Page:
AP SEGREGATION CONTROVERSY
The AP’s story about charter schools and school segregation has generated howls of outrage from charter advocates and polite complaints from a few journalists. My only real contribution is to wonder whether the AP story might be an example of racial and cultural blind spots in mainstream journalism. The piece not only claims that integration is the sole research-proven way to address education inequality but also presumes that integration is a priority for all groups of parents.
FROM CHALKBEAT, A SURPRISINGLY POOR ATTEMPT AT NATIONAL COVERAGE
In Chalkbeat, Matt Barnum penned a problematic overview of “a loosely connected network of nonprofit groups… working to reshape the way their school districts function.” Perhaps the most obvious of several problems is Barnum’s top section claim that the portfolio approach is spreading nationally when the second half of the piece is full of problems and setbacks. Another obvious flaw is that the piece gives readers no real historical or financial context in which to understand the network whose work he describes. Chalkbeat is still new at national education news, so I’m hoping this is just an early stumble.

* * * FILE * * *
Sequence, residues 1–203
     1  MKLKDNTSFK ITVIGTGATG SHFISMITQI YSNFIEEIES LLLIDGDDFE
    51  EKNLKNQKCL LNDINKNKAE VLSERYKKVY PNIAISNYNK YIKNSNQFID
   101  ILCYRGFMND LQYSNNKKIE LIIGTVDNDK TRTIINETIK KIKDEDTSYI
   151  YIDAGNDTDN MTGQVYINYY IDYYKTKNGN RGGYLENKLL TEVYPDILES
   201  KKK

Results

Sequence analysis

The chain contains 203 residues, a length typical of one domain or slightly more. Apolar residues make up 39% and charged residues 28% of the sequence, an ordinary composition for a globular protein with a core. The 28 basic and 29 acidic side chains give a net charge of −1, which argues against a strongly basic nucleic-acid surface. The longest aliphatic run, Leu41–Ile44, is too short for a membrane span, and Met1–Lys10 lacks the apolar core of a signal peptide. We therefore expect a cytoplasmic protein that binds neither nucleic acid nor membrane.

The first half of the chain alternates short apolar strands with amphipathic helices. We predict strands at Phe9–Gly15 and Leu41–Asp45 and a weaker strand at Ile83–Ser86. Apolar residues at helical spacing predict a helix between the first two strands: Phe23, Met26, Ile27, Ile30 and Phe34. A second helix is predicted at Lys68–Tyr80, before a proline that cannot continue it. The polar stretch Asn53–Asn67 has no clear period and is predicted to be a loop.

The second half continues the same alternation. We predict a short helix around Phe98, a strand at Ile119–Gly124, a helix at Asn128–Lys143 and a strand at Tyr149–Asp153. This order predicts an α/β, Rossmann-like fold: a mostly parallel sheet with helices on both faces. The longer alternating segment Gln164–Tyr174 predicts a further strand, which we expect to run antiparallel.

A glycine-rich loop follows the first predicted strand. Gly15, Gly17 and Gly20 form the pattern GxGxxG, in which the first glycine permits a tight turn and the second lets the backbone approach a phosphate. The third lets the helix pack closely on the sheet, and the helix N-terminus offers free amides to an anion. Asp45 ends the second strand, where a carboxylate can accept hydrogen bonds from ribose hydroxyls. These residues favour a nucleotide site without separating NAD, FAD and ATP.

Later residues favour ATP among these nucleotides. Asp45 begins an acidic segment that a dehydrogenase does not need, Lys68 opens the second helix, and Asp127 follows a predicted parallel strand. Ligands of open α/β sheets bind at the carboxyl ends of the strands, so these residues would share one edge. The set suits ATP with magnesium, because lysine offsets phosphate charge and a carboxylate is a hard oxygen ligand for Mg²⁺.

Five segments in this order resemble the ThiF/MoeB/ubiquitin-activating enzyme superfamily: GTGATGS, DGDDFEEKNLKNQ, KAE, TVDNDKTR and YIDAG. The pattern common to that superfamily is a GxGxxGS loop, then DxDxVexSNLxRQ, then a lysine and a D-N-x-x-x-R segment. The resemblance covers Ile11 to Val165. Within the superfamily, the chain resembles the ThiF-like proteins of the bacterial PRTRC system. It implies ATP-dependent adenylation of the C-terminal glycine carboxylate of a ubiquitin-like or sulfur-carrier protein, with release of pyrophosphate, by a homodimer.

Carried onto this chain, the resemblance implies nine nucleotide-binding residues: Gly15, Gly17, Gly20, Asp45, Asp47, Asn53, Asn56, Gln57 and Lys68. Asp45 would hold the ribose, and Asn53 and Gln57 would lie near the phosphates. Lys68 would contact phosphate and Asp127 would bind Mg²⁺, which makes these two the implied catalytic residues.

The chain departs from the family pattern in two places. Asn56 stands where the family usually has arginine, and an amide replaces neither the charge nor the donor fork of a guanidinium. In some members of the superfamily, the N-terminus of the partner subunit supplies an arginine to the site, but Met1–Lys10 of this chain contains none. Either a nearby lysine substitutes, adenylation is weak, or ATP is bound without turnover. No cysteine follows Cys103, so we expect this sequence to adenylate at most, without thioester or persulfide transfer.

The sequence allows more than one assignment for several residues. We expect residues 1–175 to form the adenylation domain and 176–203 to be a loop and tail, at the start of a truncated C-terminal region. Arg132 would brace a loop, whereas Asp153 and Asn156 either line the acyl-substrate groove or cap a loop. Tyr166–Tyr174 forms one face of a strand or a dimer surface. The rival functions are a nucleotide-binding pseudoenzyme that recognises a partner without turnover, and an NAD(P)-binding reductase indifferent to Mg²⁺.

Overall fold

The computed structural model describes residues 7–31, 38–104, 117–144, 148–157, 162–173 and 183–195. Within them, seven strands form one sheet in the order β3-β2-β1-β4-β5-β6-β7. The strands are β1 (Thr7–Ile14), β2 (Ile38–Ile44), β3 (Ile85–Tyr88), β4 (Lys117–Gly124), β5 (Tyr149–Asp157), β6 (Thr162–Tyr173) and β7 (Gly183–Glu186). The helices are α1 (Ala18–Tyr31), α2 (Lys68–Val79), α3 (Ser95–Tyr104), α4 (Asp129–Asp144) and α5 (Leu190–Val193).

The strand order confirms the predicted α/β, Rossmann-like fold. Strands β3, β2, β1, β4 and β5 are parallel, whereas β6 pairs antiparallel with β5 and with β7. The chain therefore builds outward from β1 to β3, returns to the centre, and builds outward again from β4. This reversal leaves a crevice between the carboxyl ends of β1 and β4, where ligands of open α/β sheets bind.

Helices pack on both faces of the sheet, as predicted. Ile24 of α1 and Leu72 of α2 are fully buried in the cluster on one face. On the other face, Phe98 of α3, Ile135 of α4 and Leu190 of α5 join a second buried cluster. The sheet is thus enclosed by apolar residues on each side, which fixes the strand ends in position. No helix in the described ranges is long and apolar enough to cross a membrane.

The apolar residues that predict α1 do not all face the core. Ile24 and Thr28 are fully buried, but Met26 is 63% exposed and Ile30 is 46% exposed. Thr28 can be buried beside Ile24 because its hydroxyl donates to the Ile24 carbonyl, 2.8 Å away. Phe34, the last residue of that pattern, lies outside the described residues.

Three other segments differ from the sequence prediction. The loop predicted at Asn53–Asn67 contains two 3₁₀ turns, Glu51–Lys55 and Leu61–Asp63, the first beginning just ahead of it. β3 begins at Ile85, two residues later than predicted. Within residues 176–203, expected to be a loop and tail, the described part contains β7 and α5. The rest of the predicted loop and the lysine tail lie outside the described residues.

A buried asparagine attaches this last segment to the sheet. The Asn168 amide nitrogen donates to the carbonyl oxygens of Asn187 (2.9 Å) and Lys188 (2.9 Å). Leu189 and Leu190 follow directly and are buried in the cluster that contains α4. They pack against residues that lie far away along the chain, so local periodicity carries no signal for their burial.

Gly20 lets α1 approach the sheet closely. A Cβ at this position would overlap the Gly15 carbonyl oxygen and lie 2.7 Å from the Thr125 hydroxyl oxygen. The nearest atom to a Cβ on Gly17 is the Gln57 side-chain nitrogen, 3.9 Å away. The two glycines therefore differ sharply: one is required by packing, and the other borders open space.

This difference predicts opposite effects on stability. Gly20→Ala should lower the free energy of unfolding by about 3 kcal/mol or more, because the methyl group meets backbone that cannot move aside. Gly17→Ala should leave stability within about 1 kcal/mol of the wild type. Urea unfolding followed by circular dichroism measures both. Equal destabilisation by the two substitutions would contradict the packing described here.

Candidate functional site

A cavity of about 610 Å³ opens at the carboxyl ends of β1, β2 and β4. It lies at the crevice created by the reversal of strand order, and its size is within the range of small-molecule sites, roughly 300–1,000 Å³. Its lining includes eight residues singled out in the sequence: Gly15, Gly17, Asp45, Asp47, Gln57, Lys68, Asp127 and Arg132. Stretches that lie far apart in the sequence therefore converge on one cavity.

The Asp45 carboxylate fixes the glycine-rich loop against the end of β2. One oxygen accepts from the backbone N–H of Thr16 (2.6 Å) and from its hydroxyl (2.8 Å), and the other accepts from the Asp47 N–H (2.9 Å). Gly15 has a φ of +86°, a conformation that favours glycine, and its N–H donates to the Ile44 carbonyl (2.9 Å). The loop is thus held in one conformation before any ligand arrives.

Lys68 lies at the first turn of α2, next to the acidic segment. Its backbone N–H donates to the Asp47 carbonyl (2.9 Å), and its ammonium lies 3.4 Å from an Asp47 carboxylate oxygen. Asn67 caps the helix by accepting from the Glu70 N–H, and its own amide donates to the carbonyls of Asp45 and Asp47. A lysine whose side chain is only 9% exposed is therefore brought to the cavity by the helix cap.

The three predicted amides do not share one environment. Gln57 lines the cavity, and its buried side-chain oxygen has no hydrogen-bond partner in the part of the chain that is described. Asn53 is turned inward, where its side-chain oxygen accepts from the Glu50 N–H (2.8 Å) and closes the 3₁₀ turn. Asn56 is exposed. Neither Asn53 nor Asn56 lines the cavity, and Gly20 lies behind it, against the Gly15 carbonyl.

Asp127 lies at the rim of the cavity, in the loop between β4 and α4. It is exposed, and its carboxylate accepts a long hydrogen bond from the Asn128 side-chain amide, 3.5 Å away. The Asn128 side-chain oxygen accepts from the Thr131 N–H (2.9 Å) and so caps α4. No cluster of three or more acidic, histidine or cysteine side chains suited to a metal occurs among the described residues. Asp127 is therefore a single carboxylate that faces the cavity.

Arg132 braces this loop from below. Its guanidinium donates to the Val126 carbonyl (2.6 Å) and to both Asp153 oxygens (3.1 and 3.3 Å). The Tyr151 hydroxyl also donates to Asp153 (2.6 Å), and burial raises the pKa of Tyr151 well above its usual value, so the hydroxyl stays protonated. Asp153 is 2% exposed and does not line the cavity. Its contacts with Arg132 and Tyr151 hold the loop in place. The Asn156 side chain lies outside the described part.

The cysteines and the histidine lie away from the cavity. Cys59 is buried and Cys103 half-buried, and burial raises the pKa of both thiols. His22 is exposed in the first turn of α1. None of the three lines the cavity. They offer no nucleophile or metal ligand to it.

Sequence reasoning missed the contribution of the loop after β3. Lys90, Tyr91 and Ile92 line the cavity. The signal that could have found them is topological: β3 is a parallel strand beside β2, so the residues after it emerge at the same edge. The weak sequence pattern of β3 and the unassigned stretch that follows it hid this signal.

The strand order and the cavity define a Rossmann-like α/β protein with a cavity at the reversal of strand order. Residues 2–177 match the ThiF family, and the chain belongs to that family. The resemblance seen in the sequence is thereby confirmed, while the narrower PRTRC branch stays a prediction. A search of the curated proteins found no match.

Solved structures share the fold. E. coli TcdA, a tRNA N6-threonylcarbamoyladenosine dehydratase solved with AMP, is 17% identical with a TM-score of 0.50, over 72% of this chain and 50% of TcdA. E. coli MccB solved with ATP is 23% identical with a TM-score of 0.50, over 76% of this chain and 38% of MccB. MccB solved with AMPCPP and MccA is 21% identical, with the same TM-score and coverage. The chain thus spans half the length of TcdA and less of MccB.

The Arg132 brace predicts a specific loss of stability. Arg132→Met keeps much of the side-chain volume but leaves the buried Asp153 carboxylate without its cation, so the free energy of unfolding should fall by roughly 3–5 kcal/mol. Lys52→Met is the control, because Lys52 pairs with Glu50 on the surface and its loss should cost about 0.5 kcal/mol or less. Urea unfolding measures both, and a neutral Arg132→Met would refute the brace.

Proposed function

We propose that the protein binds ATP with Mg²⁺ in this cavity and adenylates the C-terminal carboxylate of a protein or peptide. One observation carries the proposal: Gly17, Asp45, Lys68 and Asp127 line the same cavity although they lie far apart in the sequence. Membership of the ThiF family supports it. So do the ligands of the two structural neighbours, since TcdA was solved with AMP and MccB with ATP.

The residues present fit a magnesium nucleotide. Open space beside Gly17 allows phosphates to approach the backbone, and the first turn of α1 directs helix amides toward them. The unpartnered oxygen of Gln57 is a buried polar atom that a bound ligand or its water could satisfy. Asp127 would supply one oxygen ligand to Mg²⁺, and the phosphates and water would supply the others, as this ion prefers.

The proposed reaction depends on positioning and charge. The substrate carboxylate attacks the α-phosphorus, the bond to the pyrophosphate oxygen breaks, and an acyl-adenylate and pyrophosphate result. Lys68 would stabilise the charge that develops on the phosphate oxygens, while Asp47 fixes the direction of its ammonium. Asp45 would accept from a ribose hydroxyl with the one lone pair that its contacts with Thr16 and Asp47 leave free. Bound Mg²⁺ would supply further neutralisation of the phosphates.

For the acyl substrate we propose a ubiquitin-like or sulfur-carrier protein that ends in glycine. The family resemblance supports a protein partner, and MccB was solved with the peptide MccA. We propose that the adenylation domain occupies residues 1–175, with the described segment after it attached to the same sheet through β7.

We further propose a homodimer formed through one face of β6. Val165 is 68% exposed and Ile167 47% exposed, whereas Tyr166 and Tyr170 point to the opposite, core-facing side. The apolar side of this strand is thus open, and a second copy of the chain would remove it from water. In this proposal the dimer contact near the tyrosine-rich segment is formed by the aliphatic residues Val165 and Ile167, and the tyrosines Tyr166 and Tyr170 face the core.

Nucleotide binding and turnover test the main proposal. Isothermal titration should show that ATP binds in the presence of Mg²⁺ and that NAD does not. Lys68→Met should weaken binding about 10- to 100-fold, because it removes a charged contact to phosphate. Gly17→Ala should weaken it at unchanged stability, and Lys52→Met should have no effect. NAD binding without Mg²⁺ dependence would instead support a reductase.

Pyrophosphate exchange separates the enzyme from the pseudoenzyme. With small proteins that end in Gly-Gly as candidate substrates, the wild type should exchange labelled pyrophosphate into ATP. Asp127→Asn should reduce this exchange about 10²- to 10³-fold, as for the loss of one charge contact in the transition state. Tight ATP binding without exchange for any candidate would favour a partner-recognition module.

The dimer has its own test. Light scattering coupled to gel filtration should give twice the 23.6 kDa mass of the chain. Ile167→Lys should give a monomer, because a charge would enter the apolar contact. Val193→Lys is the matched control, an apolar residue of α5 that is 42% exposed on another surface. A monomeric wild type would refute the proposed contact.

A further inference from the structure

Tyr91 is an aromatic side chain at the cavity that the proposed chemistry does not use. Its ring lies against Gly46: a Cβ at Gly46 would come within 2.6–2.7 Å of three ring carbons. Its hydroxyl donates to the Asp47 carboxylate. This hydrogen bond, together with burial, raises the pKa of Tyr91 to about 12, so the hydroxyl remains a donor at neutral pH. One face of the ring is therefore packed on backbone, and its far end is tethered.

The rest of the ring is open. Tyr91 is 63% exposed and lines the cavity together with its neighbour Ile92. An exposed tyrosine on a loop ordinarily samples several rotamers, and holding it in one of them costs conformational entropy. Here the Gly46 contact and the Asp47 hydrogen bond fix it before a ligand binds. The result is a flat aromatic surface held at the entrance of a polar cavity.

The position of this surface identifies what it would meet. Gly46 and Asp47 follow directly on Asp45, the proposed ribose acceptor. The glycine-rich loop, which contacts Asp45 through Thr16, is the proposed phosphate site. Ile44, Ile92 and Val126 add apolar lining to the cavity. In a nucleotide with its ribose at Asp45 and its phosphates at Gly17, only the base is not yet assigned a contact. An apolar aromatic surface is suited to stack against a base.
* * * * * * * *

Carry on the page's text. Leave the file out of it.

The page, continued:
Elizabeth Green’s profile of Eva Moscowitz in The Atlantic is one of the most-discussed pieces of the week. In it, she explores the growth of Success Academy, its advantages over traditional bureaucratic school systems, and the worries that are created when a school network’s main form of oversight is parent decisions. Notes Green, “the charter-takeover model is the most effective solution to our public school woes that we’ve found. It’s also the least democratic.” See also Rebecca Mead’s New Yorker profile of Moskowitz.
MISSING DATA IN PROPUBLICA STORY
A new piece from ProPublica links involuntary placements in alternative programs to the Trump administration and the idea of school choice, but this practice predates the current administration by decades and the piece doesn’t say whether it’s on the rise or falling.